The Barn House is an experimental dwelling in Memu Meadows Japan, designed by Keio University's Co+Labo to provide unlikely self-sustaining accommodation for two humans, and two horses. The tiny home won last year's LIXIL* International University Architectural Competition, and in a similar manner to the previous year's winner—a home heated by agricultural fermentation—this ingenious animal-friendly residence is powered by the urine of its equine inhabitants.
Located on the outskirts of Taiki-cho, the 710 square foot Barn House sits just next door to the luminous “Meme” house, created by architect, and competition judge, Kengo Kuma. The Barn House is designed to accommodate two researchers and two horses (an emblematic animal in the area), and passively adapt to Hokkaido’s extremely cold climate. A living example that humans are part of the same nature that animals, the researchers will wake up to the sounds of the horses and share the same living space.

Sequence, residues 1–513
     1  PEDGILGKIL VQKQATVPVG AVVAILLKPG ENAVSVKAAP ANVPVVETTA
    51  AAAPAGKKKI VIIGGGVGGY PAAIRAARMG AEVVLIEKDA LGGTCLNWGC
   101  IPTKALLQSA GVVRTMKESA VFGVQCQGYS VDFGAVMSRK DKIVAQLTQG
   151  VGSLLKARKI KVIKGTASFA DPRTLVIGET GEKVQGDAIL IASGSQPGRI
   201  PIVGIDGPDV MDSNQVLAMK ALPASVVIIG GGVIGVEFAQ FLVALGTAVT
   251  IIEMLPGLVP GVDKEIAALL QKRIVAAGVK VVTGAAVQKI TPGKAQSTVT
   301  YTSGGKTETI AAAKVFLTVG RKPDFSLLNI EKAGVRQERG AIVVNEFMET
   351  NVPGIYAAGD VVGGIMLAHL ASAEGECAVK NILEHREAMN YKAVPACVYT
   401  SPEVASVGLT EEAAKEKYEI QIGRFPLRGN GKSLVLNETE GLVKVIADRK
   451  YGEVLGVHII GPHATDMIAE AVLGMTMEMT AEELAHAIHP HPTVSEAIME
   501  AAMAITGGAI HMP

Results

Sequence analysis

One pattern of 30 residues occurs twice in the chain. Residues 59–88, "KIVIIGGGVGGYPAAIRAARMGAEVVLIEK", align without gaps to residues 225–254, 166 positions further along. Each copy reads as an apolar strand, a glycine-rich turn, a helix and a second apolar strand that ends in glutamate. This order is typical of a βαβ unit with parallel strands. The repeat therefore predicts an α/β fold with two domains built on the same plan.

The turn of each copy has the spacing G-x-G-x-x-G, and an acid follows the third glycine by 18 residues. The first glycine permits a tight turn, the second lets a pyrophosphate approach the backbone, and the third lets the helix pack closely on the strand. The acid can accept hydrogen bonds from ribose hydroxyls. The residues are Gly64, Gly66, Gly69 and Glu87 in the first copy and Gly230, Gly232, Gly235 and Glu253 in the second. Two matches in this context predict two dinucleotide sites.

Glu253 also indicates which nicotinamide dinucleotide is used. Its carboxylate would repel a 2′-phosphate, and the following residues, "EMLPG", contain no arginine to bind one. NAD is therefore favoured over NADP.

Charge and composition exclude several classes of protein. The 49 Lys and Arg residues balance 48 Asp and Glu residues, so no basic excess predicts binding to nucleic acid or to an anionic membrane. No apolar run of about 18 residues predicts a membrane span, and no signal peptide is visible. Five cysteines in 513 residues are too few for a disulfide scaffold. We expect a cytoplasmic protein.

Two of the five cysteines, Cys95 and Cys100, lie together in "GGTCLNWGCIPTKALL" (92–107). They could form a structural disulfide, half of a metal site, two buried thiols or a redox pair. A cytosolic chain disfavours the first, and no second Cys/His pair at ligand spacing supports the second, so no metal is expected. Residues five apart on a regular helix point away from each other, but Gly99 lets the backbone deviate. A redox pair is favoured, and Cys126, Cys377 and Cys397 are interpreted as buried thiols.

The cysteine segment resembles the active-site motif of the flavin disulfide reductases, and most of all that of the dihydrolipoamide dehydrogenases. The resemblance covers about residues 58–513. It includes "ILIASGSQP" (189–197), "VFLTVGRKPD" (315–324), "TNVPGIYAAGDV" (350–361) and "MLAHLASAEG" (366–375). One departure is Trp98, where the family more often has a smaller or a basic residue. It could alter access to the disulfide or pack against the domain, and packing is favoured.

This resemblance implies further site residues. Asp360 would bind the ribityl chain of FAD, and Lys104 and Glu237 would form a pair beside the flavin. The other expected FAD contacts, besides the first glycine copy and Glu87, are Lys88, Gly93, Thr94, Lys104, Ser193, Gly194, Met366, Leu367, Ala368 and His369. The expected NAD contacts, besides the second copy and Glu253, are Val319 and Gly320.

During the summer, the horses roam around the Memu Meadows area, and during the long winters they will shelter inside the house. The horses’ pee will be used for compost and will create enough energy to heat the interior spaces and nurture the plants.
Charcoal (which is made of sawdust, a byproduct of local wood-cutting) plays an important role in the house’s systems and food production cycles. The charcoal absorbs the ammonia from the horses’ urine, which gets enriched and becomes a potent plant fertilizer. Once the urine smell is fully absorbed, the charcoal will be exposed to the sun, ventilated and then it can be used for heating, paving and even melting the snow at Hokkaido’s cold winters.